This painting mimics what you might see in a bright night sky: mostly static lights, with an occasional shooting star. The lights are programmed with a fading pattern (always (repeat 4 (wait 90)) (right 2)) so the shooting star appears once every few minutes.

It's a wonderful effect - nobody expects to see this painting suddenly light up. This is the aesthetic we want to explore with ambient computing: incorporate electronics that add a little something, without removing focus from the actual object (in this case the painting).

Ideally, this project should be connected a 3V power adapter, since it's intended to stay on all the time. For now, though, we use the coin-cell battery that comes in the Sparkle kit. In fact, the wall behind the painting has been prepped with conductive paint, so in the coming months, we'll start connecting all our ambient computing projects unto this wall. Stay tuned!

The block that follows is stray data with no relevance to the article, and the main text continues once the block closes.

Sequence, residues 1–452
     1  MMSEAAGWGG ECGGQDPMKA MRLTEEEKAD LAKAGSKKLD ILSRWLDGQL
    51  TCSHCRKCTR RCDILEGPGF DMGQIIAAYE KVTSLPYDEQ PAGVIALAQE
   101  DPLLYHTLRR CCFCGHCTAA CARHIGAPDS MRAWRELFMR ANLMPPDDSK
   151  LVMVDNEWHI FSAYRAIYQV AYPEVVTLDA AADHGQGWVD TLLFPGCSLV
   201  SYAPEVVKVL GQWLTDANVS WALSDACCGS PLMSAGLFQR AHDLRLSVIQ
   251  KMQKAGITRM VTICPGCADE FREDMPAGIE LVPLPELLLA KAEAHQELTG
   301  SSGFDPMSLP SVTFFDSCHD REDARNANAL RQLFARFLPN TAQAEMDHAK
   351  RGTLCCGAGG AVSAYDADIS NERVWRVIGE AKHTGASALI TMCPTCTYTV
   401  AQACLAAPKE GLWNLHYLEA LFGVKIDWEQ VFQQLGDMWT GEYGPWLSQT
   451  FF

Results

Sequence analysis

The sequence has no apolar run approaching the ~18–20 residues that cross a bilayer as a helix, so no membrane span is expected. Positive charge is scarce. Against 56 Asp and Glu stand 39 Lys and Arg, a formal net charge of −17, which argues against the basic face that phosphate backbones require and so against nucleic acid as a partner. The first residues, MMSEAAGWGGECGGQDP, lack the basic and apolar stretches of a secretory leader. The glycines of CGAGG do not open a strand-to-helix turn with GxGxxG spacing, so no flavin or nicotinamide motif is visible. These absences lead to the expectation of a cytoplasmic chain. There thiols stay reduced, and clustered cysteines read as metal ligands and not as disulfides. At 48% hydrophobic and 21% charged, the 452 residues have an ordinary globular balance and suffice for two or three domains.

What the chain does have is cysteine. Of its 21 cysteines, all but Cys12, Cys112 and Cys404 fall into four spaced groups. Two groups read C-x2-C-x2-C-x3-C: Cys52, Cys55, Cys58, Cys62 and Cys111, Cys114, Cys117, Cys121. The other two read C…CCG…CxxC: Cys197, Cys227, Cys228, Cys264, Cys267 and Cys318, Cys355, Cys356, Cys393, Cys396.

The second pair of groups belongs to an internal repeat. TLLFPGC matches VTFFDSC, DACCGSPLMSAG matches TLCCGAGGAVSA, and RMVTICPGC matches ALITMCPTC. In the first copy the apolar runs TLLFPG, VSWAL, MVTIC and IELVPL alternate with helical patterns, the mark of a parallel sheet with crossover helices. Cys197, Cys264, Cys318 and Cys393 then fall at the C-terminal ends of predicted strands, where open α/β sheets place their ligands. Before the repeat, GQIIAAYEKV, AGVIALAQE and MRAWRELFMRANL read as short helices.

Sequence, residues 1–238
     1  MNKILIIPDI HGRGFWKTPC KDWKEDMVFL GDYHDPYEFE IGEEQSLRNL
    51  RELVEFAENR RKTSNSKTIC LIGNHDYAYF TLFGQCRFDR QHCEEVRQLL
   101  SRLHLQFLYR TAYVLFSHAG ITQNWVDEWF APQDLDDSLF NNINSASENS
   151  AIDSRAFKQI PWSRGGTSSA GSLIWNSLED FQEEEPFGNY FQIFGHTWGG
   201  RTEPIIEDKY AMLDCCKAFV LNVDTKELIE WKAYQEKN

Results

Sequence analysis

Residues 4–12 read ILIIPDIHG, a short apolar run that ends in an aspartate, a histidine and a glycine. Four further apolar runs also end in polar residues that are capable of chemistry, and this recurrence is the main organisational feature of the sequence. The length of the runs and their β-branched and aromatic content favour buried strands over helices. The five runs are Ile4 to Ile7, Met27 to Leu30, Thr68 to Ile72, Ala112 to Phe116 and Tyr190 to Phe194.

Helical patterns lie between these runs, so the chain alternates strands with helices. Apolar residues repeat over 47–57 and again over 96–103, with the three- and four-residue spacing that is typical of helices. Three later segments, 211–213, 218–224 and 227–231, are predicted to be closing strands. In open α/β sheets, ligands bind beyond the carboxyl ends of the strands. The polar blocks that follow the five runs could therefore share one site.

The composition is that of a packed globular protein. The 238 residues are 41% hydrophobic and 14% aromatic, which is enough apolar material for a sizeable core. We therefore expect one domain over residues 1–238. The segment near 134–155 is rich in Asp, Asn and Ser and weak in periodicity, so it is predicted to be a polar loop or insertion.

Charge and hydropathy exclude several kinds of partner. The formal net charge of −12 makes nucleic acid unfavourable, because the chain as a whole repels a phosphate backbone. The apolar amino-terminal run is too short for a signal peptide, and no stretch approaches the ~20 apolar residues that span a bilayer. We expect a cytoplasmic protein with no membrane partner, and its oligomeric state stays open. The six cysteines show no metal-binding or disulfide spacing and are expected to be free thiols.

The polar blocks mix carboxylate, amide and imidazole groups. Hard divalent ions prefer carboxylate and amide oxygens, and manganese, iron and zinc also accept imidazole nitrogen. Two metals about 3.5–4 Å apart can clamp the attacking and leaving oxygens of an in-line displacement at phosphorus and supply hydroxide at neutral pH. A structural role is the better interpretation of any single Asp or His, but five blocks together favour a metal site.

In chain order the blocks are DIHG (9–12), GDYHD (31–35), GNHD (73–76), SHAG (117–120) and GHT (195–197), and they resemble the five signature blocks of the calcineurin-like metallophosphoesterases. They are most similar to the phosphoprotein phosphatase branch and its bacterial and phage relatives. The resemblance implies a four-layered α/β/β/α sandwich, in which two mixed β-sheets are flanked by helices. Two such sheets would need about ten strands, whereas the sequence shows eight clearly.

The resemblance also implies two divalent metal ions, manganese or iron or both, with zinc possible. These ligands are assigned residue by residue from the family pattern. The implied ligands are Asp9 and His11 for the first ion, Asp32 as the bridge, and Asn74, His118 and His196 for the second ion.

- one mini-canvas
- drafting and painting supplies
- one Sparkle kit (we make this)

Step 1: Layout and Attaching Components

First, draw an outline of your project.
Keep in mind the frame is pretty thick, so you won't have the entire canvas for Sparkle components.

Next, follow the steps on the Sparkle tutorial to see how you'd connect all the electronic pieces.
i dunno the specs of the sparkle-kit-thread, but there's a big list of threads on www.kobakant.at/DIY - first i bought sum from shieldex, but that's just a mix of nylon and silver, which can be obtained on a (about) 300m-spool for 30 bucks and sewn on a stable taylors-machine. On second try i bought copper thread from Karl Grimm in Germany, they sell it per kilo and costs more than 100, but can be soldered and can be sewn as lower thread of a saddlermachine's bobbin and is higly conductive.
That is so pretty!

About This Instructable



More by aniomagic:Sparkle night sky (mixed media: paint+electronics+program) etextiles - Glam up a  felt cloche hat in under 10 minutes etextiles - Valentine's day sparkling choker 
Add instructable to: